The illustrations in Crow Boy are breathtaking. Yashima’s use of space reinforces the isolation that Chibi feels at school. However, once Chibi demonstrates his talent in making crow sounds, there is less space, revealing that Chibi feels less alone. The climax of the story is a double-page spread of Chibi’s home in the mountainside. The illustrations give life to the story and they portray the character development of Chibi. Crow Boy is Caldecott Honor Book (1956) and appropriate for ages three to eight years old.
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LibraryThing member E.OB
Crow boy is about a young boy that comes to school and was not really every excepted in his class. He was left alone during school for many years and picked on. It wasn't until his last year in class that a new teacher had provided him a little extra attention to talk to him and learn about him. At
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the end of a book Crow boy enters the talent show, everyone makes fun as him until they realize that he has a very special talent. His talent is that he can speak just like the crows that fly above. He had learned this sounds from his walk to school early in the morning and on his way home. This book as a good lesson in it on that you should not judge someone before you know them.
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LibraryThing member EmilyPhilips
Crow Boy is about a boy who always keeps to himself and who the class sees as an outsider. In the end, one teacher takes the time to get to know him and exploits a talent in him that gains the attention of the other kids who begin to accept him. This book is good for middle elementary aged children
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and would be great for teaching the importance of not judging others because everyone has a different story.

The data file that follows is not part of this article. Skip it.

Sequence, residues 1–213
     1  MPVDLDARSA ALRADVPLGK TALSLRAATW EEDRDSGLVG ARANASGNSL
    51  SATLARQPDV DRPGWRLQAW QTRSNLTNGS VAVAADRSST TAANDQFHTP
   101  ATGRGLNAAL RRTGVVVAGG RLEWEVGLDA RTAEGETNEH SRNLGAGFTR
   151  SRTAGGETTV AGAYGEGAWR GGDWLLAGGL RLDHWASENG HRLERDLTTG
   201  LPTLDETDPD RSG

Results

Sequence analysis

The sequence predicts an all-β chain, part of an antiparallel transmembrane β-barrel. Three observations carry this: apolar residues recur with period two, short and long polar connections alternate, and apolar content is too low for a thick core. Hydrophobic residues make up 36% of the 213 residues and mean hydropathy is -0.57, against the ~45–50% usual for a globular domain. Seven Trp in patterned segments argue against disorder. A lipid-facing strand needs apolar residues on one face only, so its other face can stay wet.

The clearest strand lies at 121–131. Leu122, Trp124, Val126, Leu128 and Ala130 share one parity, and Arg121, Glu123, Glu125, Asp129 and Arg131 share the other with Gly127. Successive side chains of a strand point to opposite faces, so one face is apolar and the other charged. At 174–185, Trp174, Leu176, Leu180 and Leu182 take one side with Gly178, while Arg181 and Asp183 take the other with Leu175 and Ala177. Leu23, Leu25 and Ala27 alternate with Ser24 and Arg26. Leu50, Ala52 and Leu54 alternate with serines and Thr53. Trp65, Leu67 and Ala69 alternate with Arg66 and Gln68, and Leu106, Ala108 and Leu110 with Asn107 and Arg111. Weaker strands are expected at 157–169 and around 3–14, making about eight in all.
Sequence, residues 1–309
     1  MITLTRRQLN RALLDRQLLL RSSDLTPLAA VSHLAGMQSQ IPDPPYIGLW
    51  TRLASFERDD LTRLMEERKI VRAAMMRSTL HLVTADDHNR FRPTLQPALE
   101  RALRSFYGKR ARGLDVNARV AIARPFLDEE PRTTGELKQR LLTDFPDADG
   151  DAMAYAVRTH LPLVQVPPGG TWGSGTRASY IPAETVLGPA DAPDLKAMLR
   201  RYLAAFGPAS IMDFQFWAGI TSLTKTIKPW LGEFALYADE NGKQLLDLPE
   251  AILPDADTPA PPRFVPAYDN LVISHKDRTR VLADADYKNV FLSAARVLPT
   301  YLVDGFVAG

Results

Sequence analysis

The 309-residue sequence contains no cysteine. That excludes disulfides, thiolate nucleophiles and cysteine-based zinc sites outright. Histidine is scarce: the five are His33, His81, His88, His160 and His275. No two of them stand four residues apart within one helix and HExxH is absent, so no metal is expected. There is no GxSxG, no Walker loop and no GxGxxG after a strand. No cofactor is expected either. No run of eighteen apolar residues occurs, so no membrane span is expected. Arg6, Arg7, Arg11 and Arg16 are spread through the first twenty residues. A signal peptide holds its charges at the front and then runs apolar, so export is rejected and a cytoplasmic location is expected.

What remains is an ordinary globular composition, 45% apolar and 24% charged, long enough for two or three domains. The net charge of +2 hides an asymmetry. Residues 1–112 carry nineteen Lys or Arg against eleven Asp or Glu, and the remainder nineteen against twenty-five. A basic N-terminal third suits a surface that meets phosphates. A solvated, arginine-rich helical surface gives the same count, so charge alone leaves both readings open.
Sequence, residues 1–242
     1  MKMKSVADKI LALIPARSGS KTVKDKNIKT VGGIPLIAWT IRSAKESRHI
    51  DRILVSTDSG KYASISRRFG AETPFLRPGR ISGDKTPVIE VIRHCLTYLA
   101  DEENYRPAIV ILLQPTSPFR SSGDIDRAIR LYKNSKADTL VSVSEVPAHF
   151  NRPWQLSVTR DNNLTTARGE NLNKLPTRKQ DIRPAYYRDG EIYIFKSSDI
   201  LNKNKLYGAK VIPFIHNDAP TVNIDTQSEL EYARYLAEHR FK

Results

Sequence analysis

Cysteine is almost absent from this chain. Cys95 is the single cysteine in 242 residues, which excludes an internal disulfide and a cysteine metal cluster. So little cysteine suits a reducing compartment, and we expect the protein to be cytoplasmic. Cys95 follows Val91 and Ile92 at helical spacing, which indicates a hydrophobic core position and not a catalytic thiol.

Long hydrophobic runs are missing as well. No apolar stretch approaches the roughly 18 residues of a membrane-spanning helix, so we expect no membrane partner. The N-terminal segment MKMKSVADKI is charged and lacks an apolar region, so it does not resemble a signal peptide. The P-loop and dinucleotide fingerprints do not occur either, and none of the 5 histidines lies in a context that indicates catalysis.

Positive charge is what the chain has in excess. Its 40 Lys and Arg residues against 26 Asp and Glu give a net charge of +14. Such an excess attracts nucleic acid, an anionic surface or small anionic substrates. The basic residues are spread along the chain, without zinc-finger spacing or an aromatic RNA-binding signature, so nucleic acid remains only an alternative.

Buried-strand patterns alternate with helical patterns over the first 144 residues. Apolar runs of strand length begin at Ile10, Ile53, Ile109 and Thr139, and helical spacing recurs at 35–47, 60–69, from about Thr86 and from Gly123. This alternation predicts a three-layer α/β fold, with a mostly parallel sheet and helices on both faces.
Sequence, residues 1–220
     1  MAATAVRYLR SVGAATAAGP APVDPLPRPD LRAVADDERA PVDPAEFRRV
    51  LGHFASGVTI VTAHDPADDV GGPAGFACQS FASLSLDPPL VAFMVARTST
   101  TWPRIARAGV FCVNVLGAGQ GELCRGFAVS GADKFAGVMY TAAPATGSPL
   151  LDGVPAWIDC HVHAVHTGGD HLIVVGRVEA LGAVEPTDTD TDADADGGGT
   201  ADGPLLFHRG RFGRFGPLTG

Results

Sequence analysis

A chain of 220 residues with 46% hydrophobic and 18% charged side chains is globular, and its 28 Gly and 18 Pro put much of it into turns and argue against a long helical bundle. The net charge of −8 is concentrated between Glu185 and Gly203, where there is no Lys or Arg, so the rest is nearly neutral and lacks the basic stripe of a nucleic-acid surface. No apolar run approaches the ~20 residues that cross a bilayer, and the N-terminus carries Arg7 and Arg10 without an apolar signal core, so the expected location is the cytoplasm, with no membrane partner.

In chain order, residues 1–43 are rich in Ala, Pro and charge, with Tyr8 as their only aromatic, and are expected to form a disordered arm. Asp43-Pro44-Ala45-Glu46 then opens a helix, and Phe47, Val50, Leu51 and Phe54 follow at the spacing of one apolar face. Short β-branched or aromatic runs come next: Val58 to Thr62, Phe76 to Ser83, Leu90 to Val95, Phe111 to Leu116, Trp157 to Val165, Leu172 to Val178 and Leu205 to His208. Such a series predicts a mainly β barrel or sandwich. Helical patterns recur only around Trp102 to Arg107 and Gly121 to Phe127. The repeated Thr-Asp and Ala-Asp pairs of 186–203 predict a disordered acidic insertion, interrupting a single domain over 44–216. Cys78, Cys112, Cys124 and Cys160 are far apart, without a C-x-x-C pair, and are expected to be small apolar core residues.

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LibraryThing member perihan
Chibi was a boy, who hid underneath the schoolhouse floor. No one knew much about him, but they called him Chibi, it meant tiny boy. Chibi was afraid of his teacher and classmates, so he never spoke until a new teacher Mr. Isobe became his teacher. Mr. Isobe took great interest in Chibi, gave him
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attention he needed, spent time talking with him. With Mr. Chibi’s encouragement, Chibi appeared on the stage for talent show. He imitated the voices of crows. He showed the audience how the baby crows, mother crows, father crow, how crows cry in the morning, crows when they are happy. All of the listeners’ minds were taken to the far mountainside from which probably Chibi was. At the end of his show, Chibi imitate a crow on an old tree. Now the listeners could imagine exactly the far and lonely place Chibi lived. Mr. Isobe told the people how Chibi learned to imitate all the sounds. It was result of walking to school everyday for six years. After the talent show no one ever called Chibi, which meant tiny boy, instead they called him Crow Boy.
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LibraryThing member Cottonwood.School
The story of a strange, shy little boy in a Japanese village school who was ignored by his classmates until suddenly, and almost too late, a new teacher showed them that Crow Boy had much to offer.
LibraryThing member cbruiz
In this book, a young child attending his preliminary schooling in Japan, experiences life outside of his parent's farming community. Outcasted, isolated, on his first day, he hides under the school building, afraid of attending. From his first day up until the sixth grade, Crow Boy, dubbed such